Gathering as many generations of the family as possible for the holiday is the strongest tradition associated with Chinese New Year. Many Chinese have moved to big cities like Beijing, and New Year is the time they return to the villages where they grew up to be with their extended families. On New Year's Eve, when gathering for the first big family meal of the season, they dress in new clothes, often something red, the color associated with New Year. Then at midnight, family members fling open doors and windows to let the old year out.
Since Chinese New Year is also a time for gift giving, another common tradition involves gifting red envelopes that contain "lucky money." Usually married couples give these gifts to children and single people, and when they go out, they carry envelopes to hand out to the children or the servants of families they visit. The money given in an envelope can be a token amount, such as a few dollars, or a more substantial gift, and it has symbolic as well as monetary value. For example, the amount should be an even number, and the numbers eight and 88 are considered especially lucky because the word for "eight" sounds like a word that means "prosperity" [source: Welch].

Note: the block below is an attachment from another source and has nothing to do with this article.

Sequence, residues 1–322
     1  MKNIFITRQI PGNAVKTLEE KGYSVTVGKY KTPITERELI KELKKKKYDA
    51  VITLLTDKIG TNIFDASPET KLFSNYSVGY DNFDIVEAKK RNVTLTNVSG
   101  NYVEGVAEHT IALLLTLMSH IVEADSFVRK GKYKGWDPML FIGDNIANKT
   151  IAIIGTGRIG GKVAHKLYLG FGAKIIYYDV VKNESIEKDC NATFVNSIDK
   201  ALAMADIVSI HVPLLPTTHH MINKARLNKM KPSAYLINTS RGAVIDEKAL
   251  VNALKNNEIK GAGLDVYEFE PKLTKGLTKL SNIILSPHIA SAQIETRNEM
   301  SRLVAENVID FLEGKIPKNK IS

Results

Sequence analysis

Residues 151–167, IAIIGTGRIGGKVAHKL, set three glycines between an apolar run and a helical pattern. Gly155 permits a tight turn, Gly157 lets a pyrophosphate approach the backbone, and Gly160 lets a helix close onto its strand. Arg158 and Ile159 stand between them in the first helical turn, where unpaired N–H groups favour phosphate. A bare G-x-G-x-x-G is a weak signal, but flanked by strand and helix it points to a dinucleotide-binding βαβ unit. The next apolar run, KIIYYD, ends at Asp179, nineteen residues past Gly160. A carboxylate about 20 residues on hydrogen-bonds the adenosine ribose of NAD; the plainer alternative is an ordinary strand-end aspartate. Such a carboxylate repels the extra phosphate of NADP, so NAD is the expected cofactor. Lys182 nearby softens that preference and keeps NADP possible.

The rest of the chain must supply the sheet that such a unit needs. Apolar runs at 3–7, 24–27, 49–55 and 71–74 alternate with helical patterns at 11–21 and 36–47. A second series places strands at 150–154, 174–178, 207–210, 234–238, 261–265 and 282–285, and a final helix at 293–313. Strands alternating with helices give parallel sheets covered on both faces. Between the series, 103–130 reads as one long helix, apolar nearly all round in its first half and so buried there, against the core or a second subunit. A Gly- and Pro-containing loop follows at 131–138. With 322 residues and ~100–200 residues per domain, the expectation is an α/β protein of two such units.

Remembering and showing respect for ancestors was once an important part of Chinese New Year celebrations, too. Chinese families placed food and burned incense on home altars devoted to those who had passed on. They also said prayers to departed relatives, who they still considered part of the family. These ceremonial customs are less common now, but generally showing respect for ancestors and elders -- by visiting grandparents, for example -- is still a part of New Year tradition in many Chinese homes.
Food is also an essential part of any Chinese New Year celebration. On the next page, we'll explore some of the delicious items that are associated with the holiday.